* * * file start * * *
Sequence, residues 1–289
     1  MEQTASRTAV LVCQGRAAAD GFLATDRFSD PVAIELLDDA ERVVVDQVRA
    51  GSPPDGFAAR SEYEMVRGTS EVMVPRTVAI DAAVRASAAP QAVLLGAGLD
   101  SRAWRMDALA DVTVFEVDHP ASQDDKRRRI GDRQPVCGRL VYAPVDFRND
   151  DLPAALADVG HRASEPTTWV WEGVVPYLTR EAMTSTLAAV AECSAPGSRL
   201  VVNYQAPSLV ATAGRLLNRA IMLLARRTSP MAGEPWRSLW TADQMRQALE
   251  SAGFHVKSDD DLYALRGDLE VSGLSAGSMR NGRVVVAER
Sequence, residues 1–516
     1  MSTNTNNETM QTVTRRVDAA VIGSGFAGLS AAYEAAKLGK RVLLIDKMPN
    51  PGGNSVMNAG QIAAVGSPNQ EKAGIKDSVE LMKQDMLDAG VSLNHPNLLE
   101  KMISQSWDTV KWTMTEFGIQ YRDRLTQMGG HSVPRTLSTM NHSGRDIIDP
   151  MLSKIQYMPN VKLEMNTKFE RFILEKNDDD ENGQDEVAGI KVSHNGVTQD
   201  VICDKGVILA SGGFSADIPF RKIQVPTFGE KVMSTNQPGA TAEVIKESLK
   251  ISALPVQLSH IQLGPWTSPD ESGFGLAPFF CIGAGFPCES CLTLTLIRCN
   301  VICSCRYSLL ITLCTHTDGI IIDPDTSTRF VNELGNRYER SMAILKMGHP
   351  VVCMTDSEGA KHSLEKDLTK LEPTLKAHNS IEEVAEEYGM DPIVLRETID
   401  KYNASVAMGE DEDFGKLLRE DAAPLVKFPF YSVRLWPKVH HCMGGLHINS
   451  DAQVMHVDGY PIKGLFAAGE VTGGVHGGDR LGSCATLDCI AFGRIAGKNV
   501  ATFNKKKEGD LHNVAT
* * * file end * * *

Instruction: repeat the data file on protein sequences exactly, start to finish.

Sequence, residues 1–289
     1  MEQTASRTAV LVCQGRAAAD GFLATDRFSD PVAIELLDDA ERVVVDQVRA
    51  GSPPDGFAAR SEYEMVRGTS EVMVPRTVAI DAAVRASAAP QAVLLGAGLD
   101  SRAWRMDALA DVTVFEVDHP ASQDDKRRRI GDRQPVCGRL VYAPVDFRND
   151  DLPAALADVG HRASEPTTWV WEGVVPYLTR EAMTSTLAAV AECSAPGSRL
   201  VVNYQAPSLV ATAGRLLNRA IMLLARRTSP MAGEPWRSLW TADQMRQALE
   251  SAGFHVKSDD DLYALRGDLE VSGLSAGSMR NGRVVVAER
Sequence, residues 1–516
     1  MSTNTNNETM QTVTRRVDAA VIGSGFAGLS AAYEAAKLGK RVLLIDKMPN
    51  PGGNSVMNAG QIAAVGSPNQ EKAGIKDSVE LMKQDMLDAG VSLNHPNLLE
   101  KMISQSWDTV KWTMTEFGIQ YRDRLTQMGG HSVPRTLSTM NHSGRDIIDP
   151  MLSKIQYMPN VKLEMNTKFE RFILEKNDDD ENGQDEVAGI KVSHNGVTQD
   201  VICDKGVILA SGGFSADIPF RKIQVPTFGE KVMSTNQPGA TAEVIKESLK
   251  ISALPVQLSH IQLGPWTSPD ESGFGLAPFF CIGAGFPCES CLTLTLIRCN
   301  VICSCRYSLL ITLCTHTDGI IIDPDTSTRF VNELGNRYER SMAILKMGHP
   351  VVCMTDSEGA KHSLEKDLTK LEPTLKAHNS IEEVAEEYGM DPIVLRETID
   401  KYNASVAMGE DEDFGKLLRE DAAPLVKFPF YSVRLWPKVH HCMGGLHINS
   451  DAQVMHVDGY PIKGLFAAGE VTGGVHGGDR LGSCATLDCI AFGRIAGKNV
   501  ATFNKKKEGD LHNVAT